013 | KITTED: MEMORY

Every camera is unique and that makes your decision so much more complicated but one thing unites them all (mostly): media storage. Even where a camera has internal memory you'll probably want to expand it. In Pit Talk: Do I briefly mentioned maintaining your storage media and here is where I expand on that.

IN CASE OF EMERGENCY STOP SHOOTING: It might happen that you accidentally delete images or see an error message and in that situation the best thing to do is stop. The key is to stop using the card so you don't overwrite data because it may still be possible to restore them.

CAMERA OFF / CARD OUT: There's this thing called, "voltage shock", that supposedly happens on removal of media storage while a camera is still on. I'd say always turn your camera off before taking your cards out as a precaution because your camera needs a little time to write all of the data to the media storage. On my camera there's a little green light that blinks when media storage is being accessed - that's a handy indicator to be aware of.

BEFORE YOU SWITCH OFF: A bit of science: after the sensor is exposed, image data will be processed in the camera buffer which temporarily stores the image information before it is written to the media storage. If you switch off your camera during this process, you’ll lose image data and could even find yourself with a system error or corrupted data.

REFORMAT (NOT ERASE): The unspoken rule is that the fewer times you add or remove data from your card the better. Reformatting the card after "dumping" (transferring) the images means a single erase cycle as opposed to multiple single erasures in-camera. As a ritual, every time you dump data then reformat your media storage. This wipes any data including images, videos and file names from the card. Lexar Memory media storage is bundled with access to Lexar® Image Rescue® Software, the software not only recovers photo and video files from any brand or type of memory card but also offers card reformatting and secure deletion features (so they're basically good as new), using any card reader and works with Mac or PC.

SAFELY REMOVE HARDWARE: After dumping content from a card, make sure you follow the proper procedure to eject the media storage safely before removing it from your card reader. If you yank media storage out while it's 'busy' then you run the risk of corrupting the data and you only need it to happen once for this to become a habit. There is no reason not to eject drives and hardware safely. Do this.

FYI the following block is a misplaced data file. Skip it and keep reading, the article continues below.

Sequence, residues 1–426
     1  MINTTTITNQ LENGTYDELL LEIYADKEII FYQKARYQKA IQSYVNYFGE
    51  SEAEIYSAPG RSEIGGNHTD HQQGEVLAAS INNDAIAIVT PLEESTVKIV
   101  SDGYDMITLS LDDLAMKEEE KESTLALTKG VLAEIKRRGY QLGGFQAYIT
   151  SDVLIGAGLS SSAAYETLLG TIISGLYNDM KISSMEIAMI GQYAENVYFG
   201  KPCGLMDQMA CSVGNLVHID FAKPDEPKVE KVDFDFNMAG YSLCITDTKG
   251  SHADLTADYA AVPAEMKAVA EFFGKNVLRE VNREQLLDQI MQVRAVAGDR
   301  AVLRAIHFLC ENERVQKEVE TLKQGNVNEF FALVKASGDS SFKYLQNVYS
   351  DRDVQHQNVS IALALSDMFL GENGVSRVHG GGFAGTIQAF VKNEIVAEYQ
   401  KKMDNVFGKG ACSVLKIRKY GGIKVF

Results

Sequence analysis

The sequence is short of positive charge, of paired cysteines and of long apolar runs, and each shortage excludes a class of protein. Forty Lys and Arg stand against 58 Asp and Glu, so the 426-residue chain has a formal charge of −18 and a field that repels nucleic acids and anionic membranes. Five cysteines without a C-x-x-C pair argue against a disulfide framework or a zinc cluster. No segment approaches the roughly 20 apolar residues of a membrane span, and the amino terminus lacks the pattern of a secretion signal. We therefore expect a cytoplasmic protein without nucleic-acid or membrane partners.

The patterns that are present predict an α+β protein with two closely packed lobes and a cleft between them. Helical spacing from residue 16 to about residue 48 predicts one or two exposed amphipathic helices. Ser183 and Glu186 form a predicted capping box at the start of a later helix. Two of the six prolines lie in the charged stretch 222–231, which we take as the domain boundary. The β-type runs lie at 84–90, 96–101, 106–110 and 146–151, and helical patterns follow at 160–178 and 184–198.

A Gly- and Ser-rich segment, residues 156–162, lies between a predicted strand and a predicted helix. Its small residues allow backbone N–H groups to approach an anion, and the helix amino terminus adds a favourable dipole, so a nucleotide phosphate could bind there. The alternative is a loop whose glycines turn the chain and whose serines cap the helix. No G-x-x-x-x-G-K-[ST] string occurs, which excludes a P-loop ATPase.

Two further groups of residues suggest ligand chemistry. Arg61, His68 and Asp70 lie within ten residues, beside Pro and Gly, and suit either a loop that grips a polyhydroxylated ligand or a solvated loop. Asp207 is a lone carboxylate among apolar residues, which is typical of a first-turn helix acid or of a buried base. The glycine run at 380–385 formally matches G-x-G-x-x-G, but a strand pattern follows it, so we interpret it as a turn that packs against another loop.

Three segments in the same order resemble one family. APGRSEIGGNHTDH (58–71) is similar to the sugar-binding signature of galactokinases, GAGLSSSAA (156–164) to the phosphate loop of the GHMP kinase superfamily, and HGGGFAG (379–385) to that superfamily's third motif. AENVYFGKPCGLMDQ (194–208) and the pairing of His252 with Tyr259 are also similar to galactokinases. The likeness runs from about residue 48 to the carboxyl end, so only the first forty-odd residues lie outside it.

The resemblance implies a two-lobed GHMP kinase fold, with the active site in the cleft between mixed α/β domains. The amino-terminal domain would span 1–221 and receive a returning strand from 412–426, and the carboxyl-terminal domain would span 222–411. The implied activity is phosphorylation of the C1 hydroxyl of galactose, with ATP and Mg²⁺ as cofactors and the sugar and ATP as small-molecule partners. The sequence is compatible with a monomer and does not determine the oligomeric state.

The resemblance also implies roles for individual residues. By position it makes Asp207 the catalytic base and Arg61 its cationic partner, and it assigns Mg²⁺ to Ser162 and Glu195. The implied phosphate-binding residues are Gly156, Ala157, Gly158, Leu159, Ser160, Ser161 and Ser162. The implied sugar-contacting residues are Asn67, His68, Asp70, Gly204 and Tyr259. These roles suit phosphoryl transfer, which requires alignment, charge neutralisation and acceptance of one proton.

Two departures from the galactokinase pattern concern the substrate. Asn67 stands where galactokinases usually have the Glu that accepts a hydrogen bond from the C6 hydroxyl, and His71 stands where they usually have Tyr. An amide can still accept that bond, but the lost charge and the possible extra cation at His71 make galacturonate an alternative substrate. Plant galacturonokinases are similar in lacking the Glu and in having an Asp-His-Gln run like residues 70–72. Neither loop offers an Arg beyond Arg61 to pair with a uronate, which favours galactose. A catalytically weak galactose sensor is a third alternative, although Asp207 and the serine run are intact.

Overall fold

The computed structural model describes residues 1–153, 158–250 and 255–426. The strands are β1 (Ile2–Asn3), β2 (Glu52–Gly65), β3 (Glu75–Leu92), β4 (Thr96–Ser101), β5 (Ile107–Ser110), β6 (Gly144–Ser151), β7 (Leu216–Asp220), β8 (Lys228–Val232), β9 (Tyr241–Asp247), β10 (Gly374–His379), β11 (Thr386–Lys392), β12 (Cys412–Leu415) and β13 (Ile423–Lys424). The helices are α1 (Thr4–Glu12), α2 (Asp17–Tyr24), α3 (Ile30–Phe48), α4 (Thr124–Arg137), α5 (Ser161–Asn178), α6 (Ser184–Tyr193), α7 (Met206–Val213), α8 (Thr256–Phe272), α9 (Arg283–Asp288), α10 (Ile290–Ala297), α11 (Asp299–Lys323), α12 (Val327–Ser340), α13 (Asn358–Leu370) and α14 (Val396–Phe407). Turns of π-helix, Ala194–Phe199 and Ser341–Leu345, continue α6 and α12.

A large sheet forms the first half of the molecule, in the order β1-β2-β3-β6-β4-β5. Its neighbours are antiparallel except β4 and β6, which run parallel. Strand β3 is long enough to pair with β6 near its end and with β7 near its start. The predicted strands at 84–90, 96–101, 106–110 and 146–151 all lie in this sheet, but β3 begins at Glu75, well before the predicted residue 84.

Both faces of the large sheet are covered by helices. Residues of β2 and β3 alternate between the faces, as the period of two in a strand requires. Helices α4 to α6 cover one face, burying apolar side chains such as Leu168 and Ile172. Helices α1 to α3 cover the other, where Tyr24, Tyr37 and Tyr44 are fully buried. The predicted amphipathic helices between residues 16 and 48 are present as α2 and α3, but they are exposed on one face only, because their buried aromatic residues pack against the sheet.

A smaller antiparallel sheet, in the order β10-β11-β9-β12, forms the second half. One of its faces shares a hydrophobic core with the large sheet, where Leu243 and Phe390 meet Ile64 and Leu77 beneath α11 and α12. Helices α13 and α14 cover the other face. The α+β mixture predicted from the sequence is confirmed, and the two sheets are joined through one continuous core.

REFORMAT (IN-CAMERA): Yes, I said reformat it after dumping your data (as a way to refresh the file tables and restore the media storage afresh) but a good habit to cultivate is formatting your memory card in-camera afterwards. This ensures that the card is ready for use specifically in your camera (formatting it in-camera creates the file structure specific to your camera).

MULTIPLE CARDS: Having a spare card(s) handy is like having a spare battery, you're sorted in the event that if you lose data or have any kind of error on one card it won't stop you from shooting. Multiple cards obviously means keeping track of which one(s) you've used but that's the same as swapping out batteries - have a system.

UPDATE (YOUR CAMERA): Manufacturers release firmware updates to keep your system up-to-date with any fixes for errors or problems that are identified with a camera. I'd say it's a good idea to keep it as up-to-date as possible.

UPDATE (YOUR CARDS): Media storage has a limited lifespan and will inevitably need to be replaced from time to time. This is me trying to help you maximise that life expectancy and remind you to be prepared for the fact that they are not designed to live forever. Sorry not sorry.

COMMON SENSE MAINTENANCE: It should go without saying (it is written in the documentation that is bundled with your media storage after all) that you should keep your cards dry and clean, protect them from extreme temperatures, try not drop, bend or puncture them and keep them away from magnetic currents. Storing cards that are not in use in that plastic casing usually supplied with the card should give you a little peace of mind.

PROTIP: I'm sure you've heard a story about someone picking a camera up in the club/on the beach/in the street and not having any idea of hwo to get in touch with the owner (despite the viral tendency of social media these days). A tip: take a picture of your contact details whether it be a business card or luggage tag. Lock it in-camera so that it’s not deleted and hopefully if your camera or card is lost the person who picks it up will get in touch.

Anything you want to ask?